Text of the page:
What should you do when you receive a trade offer that appears too good to be true? Do you accept it immediately or wait an hour or two to make it look like you thought long and hard about it and, while it was a tough call, you ultimately decided to accept. Well, I just hit the “Accept” button on a trade proposal in my NL-only keeper league. I was actually in a meeting when I first saw it while pulling out my Droid to check my e-mail, and couldn’t get back to my desk soon enough. This one owner, who is out of contention, is waving the white flag and dangling some pretty appealing players in return for attractive keeper contracts. So he offers me the newest Blue Jay, Colby Rasmus, for Kyle Blanks, who is signed through next year at a cost of $2. Since I’m currently in first place, this is a no-brainer. Yeah, Rasmus is only a rental, as he will no longer be in the player pool next season, but I think he’ll benefit greatly from a fresh start in a hitter-friendly ballpark and with a manager who doesn’t hate him. Blanks has potential, but he’s yet to live up to it and Petco Park won’t exactly turn those long fly balls into homers. Some owners in the league might question the fairness of this swap, but since he was the one who proposed it and is clearly on a mission to become the fantasy baseball equivalent to Wayne Huizenga, I think I’m in pretty good standing if this somehow leads to a veto discussion.
Friday, July 29 – 3:29 PM
If you’re wondering whether or not I’m still agonizing over the Matt Kemp trade, the answer is yes. I guess the fact that I feel neither overly positive nor overly negative about it means that it was a good deal as risks were taken on both sides. But I’m a little freaked out right now. Why? It happened a few minutes ago while answering a question on the Fantasy 411 blog. My trade advice was “You can do better,” but I made a typo. “You cain do better,” the sentence read.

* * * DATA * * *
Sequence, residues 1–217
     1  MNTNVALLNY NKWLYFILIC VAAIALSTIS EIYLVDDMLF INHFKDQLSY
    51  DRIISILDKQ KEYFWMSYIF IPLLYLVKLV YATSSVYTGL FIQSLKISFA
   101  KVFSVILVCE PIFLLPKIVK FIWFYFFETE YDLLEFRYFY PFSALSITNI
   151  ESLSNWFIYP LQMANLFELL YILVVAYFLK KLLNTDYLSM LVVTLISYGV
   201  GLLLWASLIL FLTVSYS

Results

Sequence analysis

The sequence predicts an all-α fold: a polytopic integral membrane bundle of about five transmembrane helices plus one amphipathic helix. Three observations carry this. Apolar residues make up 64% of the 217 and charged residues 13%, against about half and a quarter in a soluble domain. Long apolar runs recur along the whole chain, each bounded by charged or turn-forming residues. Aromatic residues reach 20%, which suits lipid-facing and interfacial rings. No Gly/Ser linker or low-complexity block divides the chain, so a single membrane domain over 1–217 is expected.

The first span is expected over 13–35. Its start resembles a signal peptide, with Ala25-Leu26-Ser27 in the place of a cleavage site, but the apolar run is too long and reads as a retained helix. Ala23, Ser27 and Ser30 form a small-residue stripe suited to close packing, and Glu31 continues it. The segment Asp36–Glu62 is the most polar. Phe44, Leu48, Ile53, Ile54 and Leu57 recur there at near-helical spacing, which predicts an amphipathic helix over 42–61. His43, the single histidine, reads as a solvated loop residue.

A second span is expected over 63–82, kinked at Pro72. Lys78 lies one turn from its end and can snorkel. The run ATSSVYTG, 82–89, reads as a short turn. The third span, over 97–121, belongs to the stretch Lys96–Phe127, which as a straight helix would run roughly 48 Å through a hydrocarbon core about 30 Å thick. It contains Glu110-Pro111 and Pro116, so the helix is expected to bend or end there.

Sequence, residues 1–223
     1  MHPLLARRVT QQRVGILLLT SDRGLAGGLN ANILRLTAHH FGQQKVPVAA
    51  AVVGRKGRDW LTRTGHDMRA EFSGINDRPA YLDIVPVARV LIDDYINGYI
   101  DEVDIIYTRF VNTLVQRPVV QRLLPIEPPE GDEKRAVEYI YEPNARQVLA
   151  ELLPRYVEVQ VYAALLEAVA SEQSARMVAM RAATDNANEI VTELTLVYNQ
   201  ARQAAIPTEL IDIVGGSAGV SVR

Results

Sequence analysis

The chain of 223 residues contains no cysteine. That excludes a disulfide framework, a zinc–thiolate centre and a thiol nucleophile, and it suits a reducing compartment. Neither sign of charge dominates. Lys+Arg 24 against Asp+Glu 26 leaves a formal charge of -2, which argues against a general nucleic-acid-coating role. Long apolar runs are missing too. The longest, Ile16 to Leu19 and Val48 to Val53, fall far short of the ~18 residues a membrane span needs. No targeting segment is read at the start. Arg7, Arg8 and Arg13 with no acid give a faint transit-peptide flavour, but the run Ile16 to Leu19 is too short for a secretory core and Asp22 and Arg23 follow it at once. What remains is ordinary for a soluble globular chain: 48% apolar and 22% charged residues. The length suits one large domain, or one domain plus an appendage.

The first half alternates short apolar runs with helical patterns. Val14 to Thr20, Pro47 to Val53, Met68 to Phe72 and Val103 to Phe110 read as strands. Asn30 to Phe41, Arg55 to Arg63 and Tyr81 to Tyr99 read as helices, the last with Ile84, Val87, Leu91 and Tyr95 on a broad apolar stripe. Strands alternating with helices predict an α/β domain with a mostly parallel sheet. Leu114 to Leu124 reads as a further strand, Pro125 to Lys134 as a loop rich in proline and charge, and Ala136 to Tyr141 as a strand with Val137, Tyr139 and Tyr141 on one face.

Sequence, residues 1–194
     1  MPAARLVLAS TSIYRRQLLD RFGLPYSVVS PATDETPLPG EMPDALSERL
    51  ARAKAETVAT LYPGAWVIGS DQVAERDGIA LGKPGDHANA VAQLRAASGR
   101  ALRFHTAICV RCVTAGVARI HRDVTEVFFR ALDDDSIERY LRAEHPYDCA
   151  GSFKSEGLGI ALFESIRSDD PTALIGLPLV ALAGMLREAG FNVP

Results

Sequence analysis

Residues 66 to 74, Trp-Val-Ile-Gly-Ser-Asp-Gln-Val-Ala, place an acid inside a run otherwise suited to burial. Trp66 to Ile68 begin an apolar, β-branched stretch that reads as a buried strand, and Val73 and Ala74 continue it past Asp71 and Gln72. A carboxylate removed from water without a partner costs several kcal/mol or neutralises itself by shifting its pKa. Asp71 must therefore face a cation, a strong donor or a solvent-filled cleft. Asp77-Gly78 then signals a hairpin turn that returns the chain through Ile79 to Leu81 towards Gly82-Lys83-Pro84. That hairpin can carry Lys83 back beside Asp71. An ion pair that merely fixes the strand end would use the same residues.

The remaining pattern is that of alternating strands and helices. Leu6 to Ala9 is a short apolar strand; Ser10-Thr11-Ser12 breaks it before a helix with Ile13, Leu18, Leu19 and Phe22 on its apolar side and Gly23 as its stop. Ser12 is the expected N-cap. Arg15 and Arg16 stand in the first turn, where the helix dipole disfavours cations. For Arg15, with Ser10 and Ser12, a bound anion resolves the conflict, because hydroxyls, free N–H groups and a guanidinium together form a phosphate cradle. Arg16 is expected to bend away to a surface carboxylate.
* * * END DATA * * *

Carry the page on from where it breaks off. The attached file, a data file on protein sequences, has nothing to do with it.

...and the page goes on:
Monday, July 4 – 11:20 PM
An encouraging quote was all it took. After making the wise decision to bench Adam Dunn for a week in which he appeared in just four games, going hitless in 11 at-bats, he’s right back in my lineup. Why? Despite going 0-for-4 yesterday, Dunn came away feeling good about his approach at the plate. “I don’t know what it was, something actually felt normal for once,” the first-half bust said. “Hopefully that will carry over to tomorrow and we can kind of get it done.” I just had a gut feeling that a hot stretch was in the cards. Tonight, I was rewarded for my loyalty. Not only did Dunn launch his first home run in more than three weeks, but he posted just his second multi-hit game since May 14. Hard to believe, I know. Could this be the start of a resurrection? Maybe. Maybe not. At this point, like Dunn, all I can do is hope.
Tuesday, July 5 – 10:45 PM
Whenever your fantasy starting pitcher lasts just five innings, it’s disappointing. When he lasts just five innings while giving up zero runs, it’s curious. And when he lasts just five innings while giving up zero runs and finishes with a pitch count of 62, you know something is wrong. But there’s only so much you can learn from a box score. So after digesting this series of alarming numbers, I go to my team page to learn that Scott Baker was lifted early from today’s outing due to a mild elbow strain. Even though the injury is termed not serious, considering Baker’s history of arm troubles, I’m more than a little concerned that a DL stint lies in his future.
Thursday, July 7 – 7:35 AM
Thanks to my late-May acquisition of Huston Street, I haven’t had to think about closers for awhile, but with the July 31 trade deadline looming, there are plenty of potential saves on the waiver wire. Look, why wouldn’t the Mets trade Francisco Rodriguez? Yeah, the Amazins’ have been a pleasant surprise this year, but they’re still hovering around .500, and that’s not going to cut it when it comes to making the playoffs. I understand the whole vesting option factor in K-Rod’s contract that would pay him 17.5 million bucks for 2012 if he finishes 55 games this year, but if he gets traded to a team that uses him in a setup role, he won’t be finishing many games, so this isn’t as big of a deal as it’s being made out to be. Anyway, who would likely close in the event of a Rodriguez trade? Meet Bobby Parnell, the guy who has given up just two runs over his last 18 2/3 innings of work, striking out 22 in the process. Before he becomes a household name, I’m making this pickup. My philosophy with potential closers is simple. As long as you have the roster room, you might as well scoop them up. Even if you’re not in dire need for saves, at least you’re keeping saves away from your competition, and there’s plenty of value in that.